There we were on an eight foot high platform with waves coming at us from either side. Mum and Dad, both 80, gripped the engine housing whilst I hung onto the outer rails. There were no seats – just a roof to keep the worst of the rain off (unless it’s horizontal), a driver (who used to be a sign writer and now has one of the most unusual jobs going) and, somewhere below the raging surf, enormous great wheels.
As a mode of transport, the Burgh Island sea tractor takes some beating. Capable of carrying about ten passengers, it trundles to and from the mainland in a rather jerky, unexpected way. When we rode it, strong winds had stirred up a dramatic seascape but, far from feeling nervous, we all felt excited. Much like Monsieur Poirot, no doubt, at the start of a murder mystery.
Linked to South Devon by a causeway that gets submerged by the tide twice a day, the Burgh Island Hotel literally is a place apart. Not only do you leave your car behind in a secure garage at Bigbury-on-Sea, you also say goodbye to much of modern day life. Which is why we wanted to go there. Mum and Dad were both born in 1931 and the hotel opened a year later. Whilst Dad spent his early years playing with bucket and spade on Bigbury Beach, the likes of Noel Coward, Agatha Christie and Edward VIII were enjoying the elegant, sophisticated surroundings of the hotel opposite. As he enjoyed sandwiches laced with sand, they sampled fine cuisine. And whilst he splashed around in the waves, they reclined on chaises longues and took dips in the stunning, naturally formed Mermaid’s Pool.
Now, nearly 80 years on, it was Dad’s turn to be ferried across the causeway and ushered into the Art Deco splendour that is The Burgh Island Hotel.
“Look, Lloyd Loom chairs,” said Mum, as she and Dad were shown into the Chirgwin room where they were staying. “We used to have those at home.”
Other blasts from the past followed – the shiny black Bakelite telephone, a radio you have to tune in with a dial, authentic 30s’ furniture and cast iron baths. Forget bedroom TVs, coffee-making facilities, mini bars and even a reliable mobile phone signal. There is free Wi-Fi and a wide-screen television in the basement library but otherwise it’s the best of yesteryear that presides here, not the present. And that, of course, is its appeal.
Exploring our adjoining rooms was fun (I was in ‘Fruity Metcalfe’ with one of the largest bathrooms I have ever seen) but the piece de resistance was walking out onto the balcony. Running the entire length of our two rooms, it afforded wonderful views of the surrounding sea and landscape. So much so that I spent a good half hour out there in the middle of the night just looking at the stars and listening to the waves.
The hotel organises two dinner dances a week, on Wednesday and Saturday, and dressing up for the occasion is de rigueur. We were there for the Wednesday night and, despite being winter and in the middle of a working week, there were plenty of other guests, all dressed to kill. Cocktails and canapés were served in The Peacock Bar with its impressive domed glass ceiling, its orchid pond and its irrepressible barman Gary who has worked on the island for 18 years. He’s something of a legend and a hotel feature in his own right. Warm, funny and with an innate ability to put guests at their ease within moments, he produced memorable Singapore Slings for Dad and I and, with a well-practised eye for detail, ensured everyone felt like a glamorous VIP.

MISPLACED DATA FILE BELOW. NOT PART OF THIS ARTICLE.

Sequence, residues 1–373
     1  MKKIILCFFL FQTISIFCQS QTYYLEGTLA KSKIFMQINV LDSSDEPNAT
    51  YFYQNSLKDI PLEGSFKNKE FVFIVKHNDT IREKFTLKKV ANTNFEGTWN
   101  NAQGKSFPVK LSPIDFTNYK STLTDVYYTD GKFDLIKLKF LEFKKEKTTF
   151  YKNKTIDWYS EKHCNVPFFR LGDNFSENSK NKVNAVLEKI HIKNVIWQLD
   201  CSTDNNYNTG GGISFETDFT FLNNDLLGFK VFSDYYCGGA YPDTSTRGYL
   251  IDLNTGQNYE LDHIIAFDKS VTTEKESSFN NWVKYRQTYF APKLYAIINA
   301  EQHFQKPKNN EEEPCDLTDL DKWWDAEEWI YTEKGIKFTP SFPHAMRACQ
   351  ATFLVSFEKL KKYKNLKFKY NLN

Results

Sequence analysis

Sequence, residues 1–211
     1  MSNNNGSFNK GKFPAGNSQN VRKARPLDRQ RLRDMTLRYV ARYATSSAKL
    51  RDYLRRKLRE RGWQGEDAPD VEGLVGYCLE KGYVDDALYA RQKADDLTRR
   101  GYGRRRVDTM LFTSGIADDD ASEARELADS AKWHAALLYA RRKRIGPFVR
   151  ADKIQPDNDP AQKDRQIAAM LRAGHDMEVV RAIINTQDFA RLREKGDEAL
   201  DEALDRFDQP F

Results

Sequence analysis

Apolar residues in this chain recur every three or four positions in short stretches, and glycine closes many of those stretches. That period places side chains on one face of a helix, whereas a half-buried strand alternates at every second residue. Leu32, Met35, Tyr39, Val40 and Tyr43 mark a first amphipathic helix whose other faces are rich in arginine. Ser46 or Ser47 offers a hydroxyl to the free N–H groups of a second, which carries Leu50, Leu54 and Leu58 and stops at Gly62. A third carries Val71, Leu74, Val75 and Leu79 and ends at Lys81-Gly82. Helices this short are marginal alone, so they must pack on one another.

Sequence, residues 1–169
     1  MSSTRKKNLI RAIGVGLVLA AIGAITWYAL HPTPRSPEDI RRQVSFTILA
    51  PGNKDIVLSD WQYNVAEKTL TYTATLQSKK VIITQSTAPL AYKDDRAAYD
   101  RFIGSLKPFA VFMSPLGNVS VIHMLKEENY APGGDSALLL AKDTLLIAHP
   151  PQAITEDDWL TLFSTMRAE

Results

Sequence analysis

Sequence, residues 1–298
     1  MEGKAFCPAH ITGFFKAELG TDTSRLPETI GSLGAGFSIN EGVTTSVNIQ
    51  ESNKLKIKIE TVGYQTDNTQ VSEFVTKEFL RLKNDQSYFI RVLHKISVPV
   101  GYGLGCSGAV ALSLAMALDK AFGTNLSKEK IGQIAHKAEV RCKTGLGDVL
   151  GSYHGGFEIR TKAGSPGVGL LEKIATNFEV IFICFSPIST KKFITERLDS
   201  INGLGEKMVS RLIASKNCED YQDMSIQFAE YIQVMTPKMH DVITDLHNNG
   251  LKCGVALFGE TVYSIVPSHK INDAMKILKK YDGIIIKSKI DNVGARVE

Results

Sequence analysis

Dinner in the ballroom was a gastronome’s delight. I enjoyed lobster and crab raviolo followed by roast monk fish and dark chocolate fondant whilst an excellent three piece band encouraged everyone to get up and dance – including Mum and Dad who proved you’re never too old to foxtrot, quick step or waltz.
Burgh Island is dramatic but tiny so after walking to its peak the following day and discovering the old, reputedly haunted Pilchard Inn with its candlelit interior, we boarded the sea tractor and headed for the mainland. A lot has happened in the last 80 years but, according to Dad, the roads around Bigbury are just as narrow and the villages just as quaint. As part of our nostalgia trip, we stopped at The Turtley Corn Mill in Avonwick for lunch. Completely renovated in 2005, the mill has six acres of grounds and an appetising menu that ranges from full-cooked meals to lighter snacks. Once owned by an uncle, Dad spent a month living there as a young boy during World War II so the family photos lining the walls held particular fascination.
South Devon has a lot to recommend it and we all enjoyed visiting Dartmouth with its beautiful harbour, Modbury with its steep hills and Slapton Sands with its long beach and tragic wartime past. Returning to the Burgh Island Hotel for one last night of unashamed indulgence, however, was the icing on the cake. We played snooker, laughed over proper pots of tea and again donned our glad rags to dine in Art Deco splendour.
2012 is the hotel’s 80th anniversary. As an octogenarian, it really has found the secret of eternal thirties’ youth.
The Burgh Island Hotel from £430 per standard double room per night, includes breakfast, dinner and VAT (01548 810514 www.burghisland.com ). Turtley Corn Mill, Avonwick (01364 646100 www.turtleycornmill.com )